Like faith, repentance has intellectual, emotional, and volitional ramifications. Berkhof describes the intellectual element of repentance as "a change of view, a recognition of sin as involving personal guilt, defilement, and helplessness." The emotional element is "a change of feeling, manifesting itself in sorrow for sin committed against a holy God." The volitional element is "a change of purpose, an inward turning away from sin, and a disposition to seek pardon and cleansing." (Berkhof, Systematic Theology, 486) Each of those three elements is deficient apart from the others. Repentance is a response of the total person; therefore some speak of it as total surrender.

It is true that sorrow from sin is not repentance. Judas felt remorse, but he didn't repent (Matt. 27:3). Repentance is not just a resolve to do better; everyone who has ever made New Year's resolutions knows how easily human determination can be broken. Repentance certainly is not penance, an activity performed to try to atone for one's own sins.

But neither is repentance a solely intellectual issue. Surely even Judas changed his mind; what he didn't do was turn from his sin and throw himself on the Lord for mercy. Repentance is not just a change of mind; it is a change of heart. It is a spiritual turning, a total about-face. Repentance in the context of the new birth means turning from sin to the Savior. It is an inward response, not external activity, but its fruit will be evident in the true believer's behavior (Luke 3:8).

It has often been said that repentance and faith are two sides of the same coin. That coin is called conversion. Repentance turns from sin to Christ, and faith embraces Him as the only hope of salvation and righteousness. That is what conversion means in simple terms.

Faith and repentance are distinct concepts, but they cannot occur independently of each other. Genuine repentance is always the flip side of faith; and true faith accompanies repentance. As Berkhof stated in his Systematic Theology, "The two cannot be separated" (p. 487).

Isaiah 55:1-13, the classic Old Testament call to conversion, shows both sides of the coin. Faith is called for in several ways: "Come to the waters ... buy wine and milk without money and without cost" (v. 1 ). "Eat what is good, and delight yourself in abundance" (v. 2 ). "Listen, that you may live" (v. 3 ). "Seek the Lord while He may be found; call upon Him while He is near" (v. 6 ).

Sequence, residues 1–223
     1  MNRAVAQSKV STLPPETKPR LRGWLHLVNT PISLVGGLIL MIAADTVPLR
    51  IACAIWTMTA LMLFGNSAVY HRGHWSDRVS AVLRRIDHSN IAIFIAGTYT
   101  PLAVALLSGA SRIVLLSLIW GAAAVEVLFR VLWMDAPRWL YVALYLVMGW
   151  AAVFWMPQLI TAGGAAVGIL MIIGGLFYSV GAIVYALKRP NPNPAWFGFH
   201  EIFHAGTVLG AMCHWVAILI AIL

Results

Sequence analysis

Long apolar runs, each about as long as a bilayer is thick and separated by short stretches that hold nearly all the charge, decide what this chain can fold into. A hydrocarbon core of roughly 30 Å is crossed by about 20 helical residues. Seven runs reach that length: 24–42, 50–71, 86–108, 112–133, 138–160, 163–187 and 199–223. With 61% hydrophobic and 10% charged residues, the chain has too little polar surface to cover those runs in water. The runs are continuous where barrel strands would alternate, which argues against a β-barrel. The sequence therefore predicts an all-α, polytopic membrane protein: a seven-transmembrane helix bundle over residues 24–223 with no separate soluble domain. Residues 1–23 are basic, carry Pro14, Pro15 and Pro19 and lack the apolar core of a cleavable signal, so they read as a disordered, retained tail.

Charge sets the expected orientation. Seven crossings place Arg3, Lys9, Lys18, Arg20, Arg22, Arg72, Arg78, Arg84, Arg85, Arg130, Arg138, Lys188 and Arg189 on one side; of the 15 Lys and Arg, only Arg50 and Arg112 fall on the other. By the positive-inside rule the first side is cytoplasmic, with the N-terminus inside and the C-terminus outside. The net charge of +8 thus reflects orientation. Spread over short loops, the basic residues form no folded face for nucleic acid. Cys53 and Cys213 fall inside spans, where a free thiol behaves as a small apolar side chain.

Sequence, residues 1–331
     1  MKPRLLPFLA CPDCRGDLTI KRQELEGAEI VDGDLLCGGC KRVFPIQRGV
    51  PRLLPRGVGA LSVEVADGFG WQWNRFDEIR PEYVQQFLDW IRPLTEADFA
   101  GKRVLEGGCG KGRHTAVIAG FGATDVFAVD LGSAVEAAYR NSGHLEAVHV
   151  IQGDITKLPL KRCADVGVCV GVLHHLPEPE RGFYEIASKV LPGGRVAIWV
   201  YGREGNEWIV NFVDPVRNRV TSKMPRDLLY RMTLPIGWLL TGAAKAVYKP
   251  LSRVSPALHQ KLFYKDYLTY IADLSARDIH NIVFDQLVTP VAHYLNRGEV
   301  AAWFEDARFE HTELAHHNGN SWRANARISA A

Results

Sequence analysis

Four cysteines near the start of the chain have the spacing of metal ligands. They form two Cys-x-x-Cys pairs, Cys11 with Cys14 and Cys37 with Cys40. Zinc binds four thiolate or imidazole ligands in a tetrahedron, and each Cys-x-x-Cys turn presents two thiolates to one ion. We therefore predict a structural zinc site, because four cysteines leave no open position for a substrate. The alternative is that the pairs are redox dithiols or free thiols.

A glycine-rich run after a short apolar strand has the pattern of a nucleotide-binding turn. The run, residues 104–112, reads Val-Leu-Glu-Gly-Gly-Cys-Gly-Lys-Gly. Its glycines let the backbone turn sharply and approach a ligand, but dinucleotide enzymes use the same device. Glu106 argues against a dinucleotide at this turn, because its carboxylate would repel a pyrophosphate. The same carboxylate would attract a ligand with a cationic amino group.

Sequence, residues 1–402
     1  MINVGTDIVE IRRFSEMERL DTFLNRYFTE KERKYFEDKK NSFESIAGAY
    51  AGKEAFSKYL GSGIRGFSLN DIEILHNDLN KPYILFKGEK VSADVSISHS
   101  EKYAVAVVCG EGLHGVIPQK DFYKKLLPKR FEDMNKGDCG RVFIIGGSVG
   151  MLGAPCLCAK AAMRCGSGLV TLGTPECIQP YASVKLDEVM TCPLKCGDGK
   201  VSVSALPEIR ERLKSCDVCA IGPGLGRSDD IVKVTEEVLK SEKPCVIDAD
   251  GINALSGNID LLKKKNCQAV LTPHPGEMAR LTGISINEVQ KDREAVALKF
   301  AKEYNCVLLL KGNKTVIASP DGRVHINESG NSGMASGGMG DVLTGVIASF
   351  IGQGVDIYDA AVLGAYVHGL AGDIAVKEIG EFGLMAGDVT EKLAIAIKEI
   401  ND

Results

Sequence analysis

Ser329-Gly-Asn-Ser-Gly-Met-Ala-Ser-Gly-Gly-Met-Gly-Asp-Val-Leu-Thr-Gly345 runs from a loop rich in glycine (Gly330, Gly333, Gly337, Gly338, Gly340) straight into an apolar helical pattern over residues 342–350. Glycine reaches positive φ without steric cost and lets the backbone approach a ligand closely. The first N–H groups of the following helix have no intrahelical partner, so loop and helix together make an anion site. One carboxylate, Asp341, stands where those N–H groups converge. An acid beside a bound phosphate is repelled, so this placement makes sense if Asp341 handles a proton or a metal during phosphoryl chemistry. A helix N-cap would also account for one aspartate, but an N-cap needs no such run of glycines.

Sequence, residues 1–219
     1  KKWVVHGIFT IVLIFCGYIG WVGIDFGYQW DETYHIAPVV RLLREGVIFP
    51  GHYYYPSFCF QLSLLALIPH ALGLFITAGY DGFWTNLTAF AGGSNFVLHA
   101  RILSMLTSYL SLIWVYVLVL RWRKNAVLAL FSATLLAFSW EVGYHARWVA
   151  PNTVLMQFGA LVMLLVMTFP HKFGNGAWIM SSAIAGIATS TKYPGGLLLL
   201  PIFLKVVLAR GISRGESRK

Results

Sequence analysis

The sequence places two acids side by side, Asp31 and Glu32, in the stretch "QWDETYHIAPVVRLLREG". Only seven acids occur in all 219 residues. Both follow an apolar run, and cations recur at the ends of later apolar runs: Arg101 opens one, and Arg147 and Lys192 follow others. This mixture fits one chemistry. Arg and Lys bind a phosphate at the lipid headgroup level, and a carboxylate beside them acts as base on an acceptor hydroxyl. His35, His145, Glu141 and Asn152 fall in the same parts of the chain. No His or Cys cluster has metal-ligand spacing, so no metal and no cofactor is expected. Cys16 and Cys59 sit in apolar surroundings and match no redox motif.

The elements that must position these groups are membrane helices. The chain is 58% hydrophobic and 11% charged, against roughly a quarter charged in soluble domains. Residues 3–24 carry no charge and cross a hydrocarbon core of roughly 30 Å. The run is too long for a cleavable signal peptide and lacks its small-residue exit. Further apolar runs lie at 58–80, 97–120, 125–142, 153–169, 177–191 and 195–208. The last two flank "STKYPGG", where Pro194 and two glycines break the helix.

But the passage also enjoins repentance: "Let the wicked forsake his way, and the unrighteous man his thoughts; And let him return to the Lord" (v. 7 ).

As that verse demonstrates, the issue in repentance is moral, not merely intellectual. What repentance calls for is not only a "change of mind" but a turning away from the love of sin. A leading New Testament dictionary emphasizes that the New Testament concept of repentance is not predominately intellectual. "Rather the decision by the whole man to turn around is stressed. It is clear that we are concerned neither with a purely outward turning nor with a merely intellectual change of ideas." (NIDNT, 1:358) Another principal theological dictionary defines repentance as:
radical conversion, a transformation of nature, a definitive turning from evil, a resolute turning to God in total obedience (Mk. 1:15 ; Mt. 4:17 ; 18:3).... This conversion is once-for-all. There can be no going back, only advance in responsible movement along the way now taken. It affects the whole man, first and basically the centre of personal life, then logically his conduct at all times and in all situations, his thoughts, words and acts ( Mt. 12:33 ff. par.; 23:26 ; Mk. 7:15 par.). The whole proclamation of Jesus ... is a proclamation of unconditional turning to God, of unconditional turning from all that is against God, not merely that which is downright evil, but that which in a given case makes total turning to God impossible.... It is addressed to all without distinction and presented with unmitigated severity in order to indicate the only way of salvation there is. It calls for total surrender, total commitment to the will of God. ... It embraces the whole walk of the new man who is claimed by the divine lordship. It carries with it the founding of a new personal relation of man to God.... It awakens joyous obedience for a life according to God's will. (Kittel, TDNT, 4:1002-3)